She joins ranks of Roman Catholic female priests
Paula Hoeffer defies Catholic doctrine excluding women from priesthood.
The woman sat down with WCPO to discuss becoming a priest.
Ed Hoeffer discusses the decision of his wife, Paula, to become a priest -- and become excommunicated by the church in the process.
A married woman and former nun did something her church doctrine says she cannot do.
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CINCINNATI -- A married woman and former nun did something her church doctrine says she cannot do.
Paula Hoeffer became a priest.
On Friday, the Deer Park resident became the 181st woman, the second in Cincinnati, to be “ordained” as part of the so-called Roman Catholic Women Priests movement. A female priest who says she was ordained by a male Catholic bishop led the ceremony.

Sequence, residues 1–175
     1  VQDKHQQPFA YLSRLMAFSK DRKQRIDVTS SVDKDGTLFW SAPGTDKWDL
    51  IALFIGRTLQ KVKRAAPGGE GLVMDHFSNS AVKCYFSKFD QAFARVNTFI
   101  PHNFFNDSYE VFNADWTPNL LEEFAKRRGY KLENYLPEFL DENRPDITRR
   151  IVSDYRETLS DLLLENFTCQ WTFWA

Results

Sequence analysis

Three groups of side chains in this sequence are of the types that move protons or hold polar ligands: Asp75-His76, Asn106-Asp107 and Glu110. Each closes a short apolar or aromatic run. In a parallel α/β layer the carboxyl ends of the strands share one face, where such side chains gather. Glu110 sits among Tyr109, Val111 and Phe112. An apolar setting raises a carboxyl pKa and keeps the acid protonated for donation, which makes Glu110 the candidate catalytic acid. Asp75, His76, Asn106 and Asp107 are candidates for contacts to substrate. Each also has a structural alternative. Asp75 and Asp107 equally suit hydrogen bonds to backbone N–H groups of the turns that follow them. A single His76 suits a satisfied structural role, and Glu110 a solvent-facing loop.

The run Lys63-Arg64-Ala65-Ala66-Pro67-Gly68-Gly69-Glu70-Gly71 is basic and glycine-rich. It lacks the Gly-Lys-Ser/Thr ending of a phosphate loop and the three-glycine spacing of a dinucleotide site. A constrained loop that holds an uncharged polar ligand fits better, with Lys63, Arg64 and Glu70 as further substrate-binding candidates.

RELATED: Priest bends rules of church by being a woman
"I was praying and I heard God speak to me," Hoeffer, a retired Catholic educator, told WCPO about her decision.
"If everyone could go follow their heart, what's God saying to them? This is what God is saying to me."
Despite how the real the ceremony might feel to those taking part, the Catholic church said such "ordinations" are "invalid."
The Archdiocese of Cincinnati issued the following statement:
“Church law and teaching are clear that only a baptized male can be ordained a priest of the Catholic Church. Any attempted ordination of a woman to the Catholic priesthood is therefore invalid, and would be even in the unlikely event that a validly ordained bishop presided."
Hoeffer did it anyway -- even if it does mean excommunication from her church.
“I’m breaking that code. And I also believe that code was man-made,” said whose husband, Ed, left the priesthood to marry her. “Jesus called men and women to be disciples to serve equally in the church and to serve to bring about the Kingdom of God.
“Yes, I am a Roman Catholic and I will be,” she said.
"We have to get out of our mind that the church is just hierarchy and clericalism. The church is the people. That's what the Vatican II told us. The church is the people. So we need to be where the people are and listen to the people."
Watch the full 20-minute video in the media player below.